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Nevada’s taxable sales rise 5.3 percent

Nevada’s taxable sales posted their best increase in years in July, but local retailers and analysts said it could be years before transactions return to their pre-recession levels.

Sales of goods inside Nevada’s stores and businesses rose 5.3 percent in July to $3.2 billion compared with July 2009, the state Department of Taxation reported Monday. Some of that increase came from an amnesty program encouraging businesses to pay back taxes, and without the program, sales were up 4 percent.

In Clark County, taxable sales jumped 5.5 percent, to $2.3 billion.

It was the biggest gain in taxable sales since October 2007, when transaction values rose 4.3 percent statewide and 6.5 percent in Clark County.

"The numbers suggest consumers are spending more than they were a year ago, and that’s a positive sign, particularly when you talk about where we’ve been over the last couple of years," said Brian Gordon, a principal in local research and consulting firm Applied Analysis. "Certainly, the figures aren’t off the charts, but moving in a positive territory is a plus for the overall community."

Consumer-oriented spending categories improved their performances year-over-year in July, with clothing retailers adding 12.4 percent to their sales and furniture stores growing their sales by 10.9 percent. Sales among dealers of cars and car parts rose 4.4 percent, while sales inside restaurants and bars ticked up 2 percent.

But local retailers said sales are far from returning to pre-recession activity, and it could take months or years for the market to recover fully. Taxable sales remain well below their December 2006 peak of $4.7 billion.

At The Refinery Celebrity Resale Boutique on Sunset Road, sales rose 5 percent year over year this summer, but they’re down 35 percent from the highs of 10 years ago, owner Carolyn Trepner said. The Refinery still attracts good numbers of Strip vacationers looking to save money on resale clothes from high-end labels including Gucci, Prada and Louis Vuitton, but patrons often don’t want to spend more than $50 at a time.

"People aren’t just coming in and spending. You have to give them deals," Trepner said. "If you reduce something far enough, people will spend money."

Even with sales perking up in recent months, Trepner said she’s not forecasting substantial improvements in her business before the end of the year.

"People have too many things they have to spend their money on: bills, Christmas gifts for family, gas. Their money is only stretching so far, so nothing’s really going to change for us."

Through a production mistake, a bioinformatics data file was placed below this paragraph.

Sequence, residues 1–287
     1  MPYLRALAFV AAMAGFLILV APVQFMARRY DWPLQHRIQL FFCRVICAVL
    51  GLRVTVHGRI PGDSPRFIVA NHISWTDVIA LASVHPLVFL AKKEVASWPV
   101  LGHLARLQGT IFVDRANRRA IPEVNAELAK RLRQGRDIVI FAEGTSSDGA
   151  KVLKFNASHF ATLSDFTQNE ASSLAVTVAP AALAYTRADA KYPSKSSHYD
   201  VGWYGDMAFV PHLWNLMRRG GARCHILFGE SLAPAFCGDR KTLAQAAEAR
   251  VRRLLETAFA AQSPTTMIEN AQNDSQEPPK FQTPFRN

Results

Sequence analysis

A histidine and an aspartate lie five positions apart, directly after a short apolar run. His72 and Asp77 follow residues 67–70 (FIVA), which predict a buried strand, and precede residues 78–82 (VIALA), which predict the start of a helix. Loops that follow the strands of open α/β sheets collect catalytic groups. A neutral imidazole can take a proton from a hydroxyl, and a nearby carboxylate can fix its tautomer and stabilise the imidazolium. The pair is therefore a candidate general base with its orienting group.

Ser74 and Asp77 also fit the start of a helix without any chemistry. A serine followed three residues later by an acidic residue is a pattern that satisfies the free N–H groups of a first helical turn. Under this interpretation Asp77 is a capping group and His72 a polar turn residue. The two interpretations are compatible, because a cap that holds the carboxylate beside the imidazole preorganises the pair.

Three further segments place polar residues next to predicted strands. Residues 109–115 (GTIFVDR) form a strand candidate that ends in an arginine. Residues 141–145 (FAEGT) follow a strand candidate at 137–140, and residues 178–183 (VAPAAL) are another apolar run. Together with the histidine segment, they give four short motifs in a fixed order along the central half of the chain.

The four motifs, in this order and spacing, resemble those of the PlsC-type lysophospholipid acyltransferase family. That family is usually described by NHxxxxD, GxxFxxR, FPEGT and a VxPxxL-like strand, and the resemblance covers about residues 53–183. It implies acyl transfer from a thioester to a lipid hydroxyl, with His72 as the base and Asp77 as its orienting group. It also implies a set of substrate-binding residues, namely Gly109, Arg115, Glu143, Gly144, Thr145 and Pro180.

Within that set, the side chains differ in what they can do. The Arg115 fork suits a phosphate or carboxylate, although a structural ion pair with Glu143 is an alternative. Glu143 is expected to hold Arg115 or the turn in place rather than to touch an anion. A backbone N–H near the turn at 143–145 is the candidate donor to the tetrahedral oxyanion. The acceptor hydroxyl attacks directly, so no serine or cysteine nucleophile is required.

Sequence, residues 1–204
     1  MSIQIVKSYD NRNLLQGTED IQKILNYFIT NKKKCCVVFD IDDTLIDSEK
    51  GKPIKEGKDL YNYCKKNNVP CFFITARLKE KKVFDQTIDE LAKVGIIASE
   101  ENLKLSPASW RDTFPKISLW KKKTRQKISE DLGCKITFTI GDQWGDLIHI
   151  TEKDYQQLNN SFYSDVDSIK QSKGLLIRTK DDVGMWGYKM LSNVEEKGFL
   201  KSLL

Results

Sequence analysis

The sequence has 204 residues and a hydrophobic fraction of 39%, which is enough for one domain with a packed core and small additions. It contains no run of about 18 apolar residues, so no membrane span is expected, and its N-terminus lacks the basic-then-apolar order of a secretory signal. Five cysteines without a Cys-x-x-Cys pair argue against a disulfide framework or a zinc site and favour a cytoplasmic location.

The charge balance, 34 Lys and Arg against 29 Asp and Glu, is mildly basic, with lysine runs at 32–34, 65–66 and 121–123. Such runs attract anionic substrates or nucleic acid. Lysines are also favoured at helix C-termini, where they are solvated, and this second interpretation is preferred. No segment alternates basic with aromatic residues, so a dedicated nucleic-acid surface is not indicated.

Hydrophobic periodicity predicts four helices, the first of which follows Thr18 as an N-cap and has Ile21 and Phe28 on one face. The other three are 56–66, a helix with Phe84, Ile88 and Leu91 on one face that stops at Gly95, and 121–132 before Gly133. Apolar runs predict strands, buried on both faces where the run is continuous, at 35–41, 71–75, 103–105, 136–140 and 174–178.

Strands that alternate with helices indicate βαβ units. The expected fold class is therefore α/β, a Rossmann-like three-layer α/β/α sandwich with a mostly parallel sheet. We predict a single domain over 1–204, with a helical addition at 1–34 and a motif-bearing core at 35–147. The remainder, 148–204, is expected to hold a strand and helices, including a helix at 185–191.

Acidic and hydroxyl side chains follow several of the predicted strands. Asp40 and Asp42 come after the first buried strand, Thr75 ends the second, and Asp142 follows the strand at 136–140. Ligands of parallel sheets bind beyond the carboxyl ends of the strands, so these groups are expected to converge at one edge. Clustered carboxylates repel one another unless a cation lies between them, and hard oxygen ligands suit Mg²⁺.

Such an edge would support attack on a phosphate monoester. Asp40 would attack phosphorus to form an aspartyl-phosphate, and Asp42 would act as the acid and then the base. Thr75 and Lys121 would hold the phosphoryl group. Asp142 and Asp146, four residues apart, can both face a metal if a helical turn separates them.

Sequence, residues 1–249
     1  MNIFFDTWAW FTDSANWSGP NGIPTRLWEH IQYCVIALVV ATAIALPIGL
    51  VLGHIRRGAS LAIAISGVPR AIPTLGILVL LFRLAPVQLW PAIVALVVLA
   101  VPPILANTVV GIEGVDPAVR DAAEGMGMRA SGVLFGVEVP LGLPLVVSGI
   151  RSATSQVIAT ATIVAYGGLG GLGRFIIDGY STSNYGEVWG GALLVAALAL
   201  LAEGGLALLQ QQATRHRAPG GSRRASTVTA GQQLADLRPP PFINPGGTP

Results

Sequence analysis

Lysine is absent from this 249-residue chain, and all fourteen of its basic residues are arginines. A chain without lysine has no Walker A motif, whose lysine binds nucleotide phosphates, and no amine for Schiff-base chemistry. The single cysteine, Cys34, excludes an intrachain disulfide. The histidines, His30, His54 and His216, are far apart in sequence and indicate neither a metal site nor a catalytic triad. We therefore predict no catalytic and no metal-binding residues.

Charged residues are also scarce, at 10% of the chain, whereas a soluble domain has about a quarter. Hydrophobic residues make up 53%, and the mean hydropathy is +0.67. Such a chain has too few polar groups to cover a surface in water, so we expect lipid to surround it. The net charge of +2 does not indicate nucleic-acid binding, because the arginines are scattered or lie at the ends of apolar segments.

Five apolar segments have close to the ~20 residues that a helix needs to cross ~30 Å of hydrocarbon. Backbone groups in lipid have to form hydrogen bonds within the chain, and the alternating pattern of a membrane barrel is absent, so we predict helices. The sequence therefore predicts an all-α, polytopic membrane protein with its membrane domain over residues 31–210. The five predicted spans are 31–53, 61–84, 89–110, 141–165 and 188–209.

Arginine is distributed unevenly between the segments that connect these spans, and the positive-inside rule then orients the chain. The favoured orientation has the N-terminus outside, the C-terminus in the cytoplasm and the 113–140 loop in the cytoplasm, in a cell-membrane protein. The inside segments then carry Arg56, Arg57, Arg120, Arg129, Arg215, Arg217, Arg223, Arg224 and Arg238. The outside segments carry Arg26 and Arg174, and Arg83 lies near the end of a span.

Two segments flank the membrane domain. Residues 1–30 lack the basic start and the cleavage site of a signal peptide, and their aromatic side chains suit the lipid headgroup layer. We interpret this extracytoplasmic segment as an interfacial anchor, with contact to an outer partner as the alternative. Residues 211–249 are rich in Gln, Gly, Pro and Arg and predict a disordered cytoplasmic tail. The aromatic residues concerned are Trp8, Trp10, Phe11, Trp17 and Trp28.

What will it take to really turn business around at The Refinery? Unemployment, currently at 14.7 percent locally, will need to drop under 10 percent, Trepner said.

One local restaurateur agreed.

Sales at Memphis Championship Barbecue have dipped 8 percent to 9 percent in the recession, said Carlos Silva, the company’s director of operations. Silva said those sales could come back once unemployment starts to drop noticeably. For now, though, sales at Memphis Championship Barbecue have stayed flat year over year.

Silva added that sales inside most local restaurants are either holding steady or have fallen slightly from a year ago, and the overall restaurant-sales increase the Department of Taxation reported in July was likely because of new operations rather than increases inside existing eateries. He cited CityCenter, which brought more than 20 restaurants online when it opened in December, as one major restaurant-sales booster.

Silva said he is optimistic that business at Memphis Championship Barbecue will increase as the holidays approach and consumers eat more meals out, but major improvements will have to wait a little longer.

"I think we’ve seen a bottom in this city, and things are starting to get better for everybody, but it’s going to be slow," Silva said. "The old saying was, ‘Las Vegas is the last one into a recession and the first one out.’ This time, we were the first one in, and we’ll be the last one out."

Nevada’s taxable sales won’t repeat their peak performance in the short term and possibly not even in the mid-term, Gordon said. That is because home equity, and not incomes, drove consumer spending in 2006 and 2007 and created "an environment that was unsustainable," he said.

Transaction values have vacillated in recent months, posting a 2 percent gain in April and declines of 1.9 percent and 0.3 percent in May and June. Expect a similar bouncing-around at least through the end of 2010, Gordon said.

July was the first month in the state’s new fiscal year. In the first month of fiscal 2011, gross revenue collections from sales and use taxes increased 4.3 percent over the same month in 2009. The general fund portion of sales and use taxes beat budget forecasters’ projections by $5.4 million.

Revenue from taxable sales helps fund prisons and schools, among other services.

Contact reporter Jennifer Robison at jrobison@reviewjournal.com or 702-380-4512.

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